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Cuban Embassy Opens in DC After 54 Years: Will Cuba Remain the ‘Green Jewel’ of the Caribbean?

20150720-IMG_4844-Guggenheim

The Cuban flag flying in Washington, DC for the first time in 54 years, signaling the reopening of the Cuban Embassy and normalization of relations with the U.S. (Photo: David E. Guggenheim)

With each tug of the rope by Cuban Foreign Minister Bruno Rodriguez, the Cuban flag inched upward, finding a slight breeze and proudly showed off its brilliant colors of red, white and blue to the 500 or so onlookers. The Cubans and Cuban-Americans—never known for their silence at public events—beamed with national pride and shouted with joy as the flag inched up, “Fidel, Fidel!” Countless eyes filled with tears. Many embraced. The world was changing before us. The Cuban flag flew in Washington, DC for the first time in 54 years, signaling the reopening of the Cuban Embassy and normalization of relations with the U.S.

Inside at the embassy at the reception that followed, we hoisted mojitos and exchanged congratulations. But a number of us have long anticipated this moment with both joy and worry, realizing that the U.S. could become a greater threat to Cuba as its friend than it ever was as its enemy.

Read the full post at EcoWatch.com

EcoWatch 

 

Why We Won’t Quit the Caribbean

Carysfort Reef 1975 to 2014

A dramatic time series of photos documenting the 95 percent loss of coral cover from Carysfort Reef, Key Largo, Florida since 1975. The photos capture the loss of a once thriving colony of elkhorn coral, Acropora palmata (Photos: Phil Dustan)

You wouldn’t know it from the colorful travel ads, but beneath the Caribbean’s sublime azure surface, the story of is one of utter mayhem.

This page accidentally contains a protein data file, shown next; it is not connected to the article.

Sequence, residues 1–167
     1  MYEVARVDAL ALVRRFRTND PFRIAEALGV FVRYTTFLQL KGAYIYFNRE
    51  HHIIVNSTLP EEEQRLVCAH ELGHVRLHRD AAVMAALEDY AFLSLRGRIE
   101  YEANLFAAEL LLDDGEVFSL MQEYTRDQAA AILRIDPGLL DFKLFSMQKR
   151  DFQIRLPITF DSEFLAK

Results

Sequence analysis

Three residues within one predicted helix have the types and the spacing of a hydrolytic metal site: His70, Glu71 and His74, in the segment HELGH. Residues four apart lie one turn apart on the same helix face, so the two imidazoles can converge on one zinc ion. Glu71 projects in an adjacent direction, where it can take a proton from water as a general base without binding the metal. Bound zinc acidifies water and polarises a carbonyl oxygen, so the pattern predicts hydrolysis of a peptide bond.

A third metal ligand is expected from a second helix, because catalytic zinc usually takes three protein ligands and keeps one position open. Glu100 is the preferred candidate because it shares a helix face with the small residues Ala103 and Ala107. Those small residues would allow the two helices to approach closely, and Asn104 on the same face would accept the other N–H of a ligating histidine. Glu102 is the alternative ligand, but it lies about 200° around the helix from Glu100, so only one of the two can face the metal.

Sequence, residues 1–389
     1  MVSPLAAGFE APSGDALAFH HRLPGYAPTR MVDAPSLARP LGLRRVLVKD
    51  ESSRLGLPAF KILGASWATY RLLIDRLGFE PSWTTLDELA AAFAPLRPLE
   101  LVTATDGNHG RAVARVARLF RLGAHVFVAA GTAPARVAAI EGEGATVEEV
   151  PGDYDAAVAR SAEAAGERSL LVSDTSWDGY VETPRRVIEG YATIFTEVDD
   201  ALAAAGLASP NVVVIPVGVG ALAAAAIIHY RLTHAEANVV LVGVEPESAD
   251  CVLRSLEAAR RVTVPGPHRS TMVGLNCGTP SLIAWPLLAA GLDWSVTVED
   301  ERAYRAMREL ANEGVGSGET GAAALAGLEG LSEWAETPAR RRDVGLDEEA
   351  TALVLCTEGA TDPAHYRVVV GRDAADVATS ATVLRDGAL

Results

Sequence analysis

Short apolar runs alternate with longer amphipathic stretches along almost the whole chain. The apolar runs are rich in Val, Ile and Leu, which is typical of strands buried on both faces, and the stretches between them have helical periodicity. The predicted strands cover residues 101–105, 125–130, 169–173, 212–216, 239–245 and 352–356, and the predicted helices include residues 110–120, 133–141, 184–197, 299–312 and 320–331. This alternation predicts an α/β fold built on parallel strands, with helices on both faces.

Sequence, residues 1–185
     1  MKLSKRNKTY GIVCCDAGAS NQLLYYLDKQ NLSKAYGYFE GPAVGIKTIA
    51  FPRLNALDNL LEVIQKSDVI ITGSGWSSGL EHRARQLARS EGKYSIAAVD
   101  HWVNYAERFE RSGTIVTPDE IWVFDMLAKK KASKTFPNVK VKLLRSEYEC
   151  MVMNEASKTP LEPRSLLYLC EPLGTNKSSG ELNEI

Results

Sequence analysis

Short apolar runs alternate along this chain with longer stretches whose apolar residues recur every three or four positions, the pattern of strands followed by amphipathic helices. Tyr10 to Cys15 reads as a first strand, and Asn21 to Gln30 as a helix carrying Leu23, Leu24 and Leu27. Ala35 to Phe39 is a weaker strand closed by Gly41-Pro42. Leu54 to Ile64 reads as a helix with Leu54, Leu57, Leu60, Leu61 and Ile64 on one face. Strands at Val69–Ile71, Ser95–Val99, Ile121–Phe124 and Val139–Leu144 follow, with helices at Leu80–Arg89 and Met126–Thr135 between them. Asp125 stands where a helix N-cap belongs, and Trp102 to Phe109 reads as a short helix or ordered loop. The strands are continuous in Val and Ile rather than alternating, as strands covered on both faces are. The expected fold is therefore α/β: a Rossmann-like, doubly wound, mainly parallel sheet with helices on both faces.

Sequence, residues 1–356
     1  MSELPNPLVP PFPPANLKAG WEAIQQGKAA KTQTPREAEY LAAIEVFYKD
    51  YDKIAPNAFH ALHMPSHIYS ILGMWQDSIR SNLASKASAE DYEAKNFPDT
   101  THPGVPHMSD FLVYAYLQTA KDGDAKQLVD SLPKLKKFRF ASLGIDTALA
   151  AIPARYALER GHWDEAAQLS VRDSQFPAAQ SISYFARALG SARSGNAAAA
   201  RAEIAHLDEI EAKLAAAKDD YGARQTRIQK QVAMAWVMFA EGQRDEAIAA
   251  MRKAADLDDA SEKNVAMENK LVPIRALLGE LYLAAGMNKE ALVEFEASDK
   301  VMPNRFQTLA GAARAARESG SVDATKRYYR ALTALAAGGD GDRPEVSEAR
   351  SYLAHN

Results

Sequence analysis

A major report released earlier this year, the most comprehensive to date, puts it clearly and bluntly: Without swift and meaningful action, “Caribbean coral reefs and their associated resources will virtually disappear within just a few decades…” There has been an average decline of coral cover in the Caribbean of more than 50 percent since 1970.

The reefs I so delighted in as a teenager in the Florida Keys are today heartbreaking and unrecognizable. Live coral is estimated to be less than 20 percent of what it was in the early seventies when I first dove there. 

Statistics like these make it easy for one to abandon hope, and indeed, many have. The report states, “Concerns have mounted to the point that many NGOs [non-governmental organizations, nonprofit conservation organizations and funders] have given up on Caribbean reefs and moved their attentions elsewhere.” But Ocean Doctor hasn’t given up on the Caribbean — we’re in it for the long-haul, dedicated to restoring Caribbean coral reefs to their former glory. And we’ve found a new reason to be optimistic. Read more

OMG I Thought You Were Dead!

Carysfort Reef 1975 to 2014

A dramatic time series of photos documenting the 95 percent loss of coral cover from Carysfort Reef, Key Largo, Florida since 1975. The photos capture the loss of a once thriving colony of elkhorn coral, Acropora palmata (Photos: Phil Dustan)

I shouted with euphoric joy through my regulator, 20 feet underwater. I can only imagine how wide my eyes were. It must have been difficult to discern between an expression of delighted surprise and a textbook example of wide-eyed diver panic. My eyes were transfixed on an old friend with a funny name whom I hadn’t laid eyes on in years. I had heard he was dead – or at least gravely ill. But there in front of me, larger than life, vibrant and embracing the sun, my friend was very much alive and healthy, clearly enjoying the good life in Cuba.

Several years earlier, I joined an expedition to explore a corner of the Gulf of Mexico I had only heard about from colleagues: The magnificent coral reef ecosystem of Veracruz, Mexico. Seated inside the DeepRover submersible with great anticipation for a vibrant reef that lay below me, I was lowered from the deck of a Mexican Navy ship into the warm blue waters below and radioed the ship that I was going to begin my descent.

Read the full post at EcoWatch.com

EcoWatch 

 

What Becomes of Cuba After the Embargo is Lifted?

Goliath Grouper and Photographer

A Critically Endangered Goliath Grouper greets a tourist photographer in Cuba’s Gardens of the Queen National Park. Environmental economics demonstrated that conservation and ecotourism would result in more revenue than commercial fishing. (Photo: David E. Guggenheim)